Always have your solicitor/conveyancing service review the Contract of Sale. Some things to consider include:
* If you are borrowing to purchase the property make sure the contract has a clause “subject to finance”.
If you are buying a newly built property make sure settlement occurs only upon the issuing of a “Certificate of Occupancy”
If buying a newly built property make sure your contact includes a inventory of all fittings and items to be included in the property.
Your solicitor/conveyancing service can explain in detail what issues you should consider in your contract.
If your Solicitor/Conveyancing service approves the contract sign the contract, and pay the deposit. Note you have a 3 business day cooling off period from the date you signed the contract unless you buy at auction, you buy commercial or farming land, or you received independent legal advice or you are an agent or a corporate body.
If you are borrowing to purchase the property your solicitor should send relevant documents to your lender.
Your Solicitor will do a title search of the property to identify any encumbrances over the property. A check will normally be made with State Revenue, Council and other authorities with regard to outstanding rates and taxes.
Your solicitor/conveyancing service should ask you to check the boundaries of the property to match them against the Title of the property to determine if there are any discrepancies.
Your Solicitor/Conveyancing service should provide the seller with a set of common questions referred to as requisitions on title. These are routine questions only and do not include questions about disputes with neighbours, illegal structures or planning matters relating to adjoining properties. You must undertake these investigations yourself.
Your solicitor/conveyancing service should prepare and provide the buyer with the “Transfer of Land” documents. The buyer should sign this document and return it to the your solicitor/conveyancing service. They should double check the documents you have signed and pass it onto the other parties in preparation for settlement.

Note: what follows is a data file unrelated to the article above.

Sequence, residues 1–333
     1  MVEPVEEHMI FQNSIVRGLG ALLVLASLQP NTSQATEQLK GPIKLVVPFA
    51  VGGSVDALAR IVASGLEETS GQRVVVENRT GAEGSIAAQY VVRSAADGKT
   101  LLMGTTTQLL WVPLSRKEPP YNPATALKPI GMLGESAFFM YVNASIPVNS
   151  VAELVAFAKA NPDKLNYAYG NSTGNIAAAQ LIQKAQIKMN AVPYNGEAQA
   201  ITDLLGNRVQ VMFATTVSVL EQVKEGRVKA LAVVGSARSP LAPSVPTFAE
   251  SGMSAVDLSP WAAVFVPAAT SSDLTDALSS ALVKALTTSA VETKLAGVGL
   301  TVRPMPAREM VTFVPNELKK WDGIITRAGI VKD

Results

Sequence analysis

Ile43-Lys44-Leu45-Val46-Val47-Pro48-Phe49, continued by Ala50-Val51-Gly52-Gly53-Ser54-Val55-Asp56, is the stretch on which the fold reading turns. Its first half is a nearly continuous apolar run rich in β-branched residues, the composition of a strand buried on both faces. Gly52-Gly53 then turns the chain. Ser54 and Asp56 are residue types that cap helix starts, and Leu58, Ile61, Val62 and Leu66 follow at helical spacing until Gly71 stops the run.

You should now start thinking about arranging insurance for your new property. Many lenders require proof of appropriate insurance before proceeding to settlement.
At the very least you will need home insurance, but based upon your specific requirements you may also require contents insurance, rental insurance etc. Speak to your insurer for more information.
Make a note of the property features for your insurer, who will then determine your premium.
For example, features such as:
- what suburb or town is the property located?
- is it a house, apartment etc.?
- is it brick or timber?
- what type of roof does it have?
- does it have deadlocks, and window locks?
- if there is a pool is it fenced according to government regulations?
- does it have smoke alarms? etc.
Your solicitor/conveyancing service should now determine what the ongoing expenses are for the property (land tax, water, council rates etc.). This information will be detailed in the document called the “Adjustment Statement”.
The settlement date should now be confirmed by your solicitor/conveyancing service. This may be specified in the contract of sale, but can be negotiated by the parties because of other factors such as finance approval, granting of Certificate of Occupancy and the completion of other paper work.
Once your solicitor/conveyancing service has confirmed the settlement date with you, you should organise a final inspection of the property to ensure that all is as it was when you signed the contract of sale.
Settlement is organised by your solicitor/conveyancing service. You do not have to attend. At settlement final payments are made for the property (the remaining balance) and the Title documents are transferred between the parties.
You now own the property – It’s yours.
Your solicitor/conveyancing service will now forward you an account for their services. Remember to confirm the cost of their services before engaging the solicitor/conveyancing service. A break-down of specific costs should be included together with details of stamp duty and Titles Office fees where applicable.
Note these steps do not constitute legal advice and are provided here for your general information only. You should always consult your solicitor or conveyancing service for specific advice about your circumstances.